The regulator has a difficult balance to strike between accountability and distraction but our Ofsted inspection team got the tone just right, writes Carly Waterman
It’s only 18 months ago that – to general acclaim – Ofsted launched its new inspection framework. Since then, the regulator has been relegated to the educational sidelines. Their absence has created issues for schools like mine, stuck with the wrong score on the door and desperate to show our improvement.
So it was with some caution that I welcomed their return this term for ‘remote visits’. How could inspectors get a true picture of our performance through video conferencing? And without a grade at the end of it, how could they ensure the process was productive for the school and its community and not a distraction from the day-to-day pressures of teaching through Covid?
The short answer is that I needn’t have worried. When the call came, it was the start of a supportive process from start to finish. What we experienced was a clear continuation from the term-and-a-half the new framework was in place before disaster struck.
Their operational note, published last month, shows the inspectorate has adapted its practice. But rather than hastily devise some onerous pandemic-specific framework, Ofsted has opted to stay entirely focused on curriculum.
Of course, there are quirks to the process. For starters, the entire inspection took place over Microsoft Teams. Strange, but not unpleasant. We’re all used to such platforms by now and other than a fair few instances of “You’re on mute!”, the technology held up.
The entire inspection took place over Microsoft Teams. Strange, but not unpleasant
But even with technology that works, it isn’t at all obvious how you inspect a school you can’t set foot in and where, even if you could, most students and teachers are working remotely. Thankfully, the inspection team approached the challenge with flexibility and good humour.
The inspectors couldn’t have been clearer: They had no intention of disrupting our provision. They expected us to do nothing special or extra for them. They did not want to drop in on live lessons. And they understood that whatever schedule we came up with would be ‘a work in progress’.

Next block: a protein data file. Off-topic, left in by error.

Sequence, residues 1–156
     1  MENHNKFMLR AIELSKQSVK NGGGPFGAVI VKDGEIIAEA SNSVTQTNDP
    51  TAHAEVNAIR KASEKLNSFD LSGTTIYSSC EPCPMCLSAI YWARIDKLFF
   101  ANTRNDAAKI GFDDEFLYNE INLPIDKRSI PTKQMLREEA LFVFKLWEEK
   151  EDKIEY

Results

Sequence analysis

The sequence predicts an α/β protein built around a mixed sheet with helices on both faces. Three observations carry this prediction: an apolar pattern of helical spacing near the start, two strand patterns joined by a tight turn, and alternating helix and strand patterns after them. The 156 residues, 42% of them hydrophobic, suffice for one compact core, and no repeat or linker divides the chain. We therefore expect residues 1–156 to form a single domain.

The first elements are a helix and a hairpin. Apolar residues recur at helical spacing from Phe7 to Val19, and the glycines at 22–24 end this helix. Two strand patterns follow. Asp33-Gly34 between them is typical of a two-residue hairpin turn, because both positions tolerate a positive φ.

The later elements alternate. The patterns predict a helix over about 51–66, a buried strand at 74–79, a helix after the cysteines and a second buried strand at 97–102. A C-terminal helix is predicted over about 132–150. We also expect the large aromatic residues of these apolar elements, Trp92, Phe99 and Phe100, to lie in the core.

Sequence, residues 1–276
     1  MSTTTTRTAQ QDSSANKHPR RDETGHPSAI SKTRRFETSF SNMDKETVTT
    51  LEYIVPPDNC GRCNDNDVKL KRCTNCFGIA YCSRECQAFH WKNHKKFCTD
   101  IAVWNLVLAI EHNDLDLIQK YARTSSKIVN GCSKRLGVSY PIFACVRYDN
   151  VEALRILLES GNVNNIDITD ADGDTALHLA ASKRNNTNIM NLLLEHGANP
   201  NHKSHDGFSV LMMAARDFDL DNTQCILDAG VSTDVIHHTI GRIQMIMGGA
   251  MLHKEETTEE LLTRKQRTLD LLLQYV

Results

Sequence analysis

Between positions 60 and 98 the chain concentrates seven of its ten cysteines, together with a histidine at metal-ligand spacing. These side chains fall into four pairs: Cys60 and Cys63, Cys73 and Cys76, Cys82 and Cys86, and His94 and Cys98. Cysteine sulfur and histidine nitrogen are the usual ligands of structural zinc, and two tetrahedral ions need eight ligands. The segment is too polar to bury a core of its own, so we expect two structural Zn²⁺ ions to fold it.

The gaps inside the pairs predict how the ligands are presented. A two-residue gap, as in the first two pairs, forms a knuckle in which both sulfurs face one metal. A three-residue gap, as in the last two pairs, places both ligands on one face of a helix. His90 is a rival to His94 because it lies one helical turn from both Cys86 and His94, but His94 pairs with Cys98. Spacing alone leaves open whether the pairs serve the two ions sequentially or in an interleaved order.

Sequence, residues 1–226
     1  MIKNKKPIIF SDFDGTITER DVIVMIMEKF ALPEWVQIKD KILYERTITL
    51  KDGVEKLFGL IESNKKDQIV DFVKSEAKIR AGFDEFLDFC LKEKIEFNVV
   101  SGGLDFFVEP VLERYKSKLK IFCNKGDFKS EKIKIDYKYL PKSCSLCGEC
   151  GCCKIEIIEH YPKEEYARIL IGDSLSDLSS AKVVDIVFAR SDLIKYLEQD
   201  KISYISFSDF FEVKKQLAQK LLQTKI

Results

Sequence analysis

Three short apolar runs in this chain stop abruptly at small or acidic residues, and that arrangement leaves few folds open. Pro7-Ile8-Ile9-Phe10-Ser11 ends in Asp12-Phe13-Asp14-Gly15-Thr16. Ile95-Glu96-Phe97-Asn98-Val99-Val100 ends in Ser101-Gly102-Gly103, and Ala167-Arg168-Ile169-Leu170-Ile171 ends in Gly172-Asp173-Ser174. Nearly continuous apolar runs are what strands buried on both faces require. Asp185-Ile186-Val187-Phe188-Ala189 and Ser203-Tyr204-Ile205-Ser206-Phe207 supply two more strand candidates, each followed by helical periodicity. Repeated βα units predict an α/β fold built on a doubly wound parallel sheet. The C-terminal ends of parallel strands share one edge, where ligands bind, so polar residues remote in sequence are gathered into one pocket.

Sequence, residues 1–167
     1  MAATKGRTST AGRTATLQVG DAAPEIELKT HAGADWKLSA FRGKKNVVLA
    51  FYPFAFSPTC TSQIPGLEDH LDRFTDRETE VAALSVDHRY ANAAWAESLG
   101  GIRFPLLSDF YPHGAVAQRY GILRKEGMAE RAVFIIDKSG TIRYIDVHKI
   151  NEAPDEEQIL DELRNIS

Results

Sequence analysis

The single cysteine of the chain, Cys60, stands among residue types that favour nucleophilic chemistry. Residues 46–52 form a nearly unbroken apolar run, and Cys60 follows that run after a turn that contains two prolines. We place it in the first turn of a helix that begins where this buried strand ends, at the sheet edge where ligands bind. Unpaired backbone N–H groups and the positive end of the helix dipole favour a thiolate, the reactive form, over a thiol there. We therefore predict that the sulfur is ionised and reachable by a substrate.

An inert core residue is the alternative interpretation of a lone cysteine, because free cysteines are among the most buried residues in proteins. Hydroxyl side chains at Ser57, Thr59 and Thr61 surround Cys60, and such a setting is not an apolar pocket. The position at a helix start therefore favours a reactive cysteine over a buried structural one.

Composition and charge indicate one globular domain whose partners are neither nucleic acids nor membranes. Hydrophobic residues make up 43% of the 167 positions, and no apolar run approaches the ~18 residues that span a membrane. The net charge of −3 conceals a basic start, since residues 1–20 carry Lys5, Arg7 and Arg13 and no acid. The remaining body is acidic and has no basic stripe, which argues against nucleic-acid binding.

Tellingly, we had considerable input into the scheduling itself. We started from their suggested outline but emails back and forth saw it evolve through a few versions. The final one was approved on a video-conferencing call with both inspectors.
Everything was done in collaboration, including the choice of subject leaders (four of them) to meet. We were also able to choose which members of staff and which students were spoken to and which additional meetings we might like.
Determined not to disrupt live lessons, the inspectors watched recorded lesson segments during the meetings. Now skilled at screen-sharing, my team showed snippets to demonstrate how they had adapted the curriculum in current circumstances.
How the curriculum is being adapted currently for SEND students was a running theme. How we’re supporting early readers during lockdown, another. Safeguarding was a thread, but if we hadn’t requested it there would have been no separate meeting focused solely on welfare. And yet, that is what fills our days and disturbs our sleep!
With regards to the approach itself, it’s fair to say there were times you could almost forget an inspection was happening. There was no frantic pacing outside doors to find out what had been asked. No arm-raising in despair following a meeting with an unexpected line of questioning. No text message reminders to mention X or Y. And definitely no tears.
Instead, we were able to express the unique personality of our school. We invited inspectors to attend a live CPD session, and they happily obliged. They even stopped by for our ‘pets assembly’.
Some old habits die hard, it seems, as we noted with secret pleasure that the inspectors were very familiar with all the content of our website, including letters home to parents. Overall though, it felt like a conversation rather than an inspection – candid, validating and very human.
At any time, that’s something to be grateful for. In these times, never more so. We still have the wrong score on the door, but we await the post-inspection letter with relish.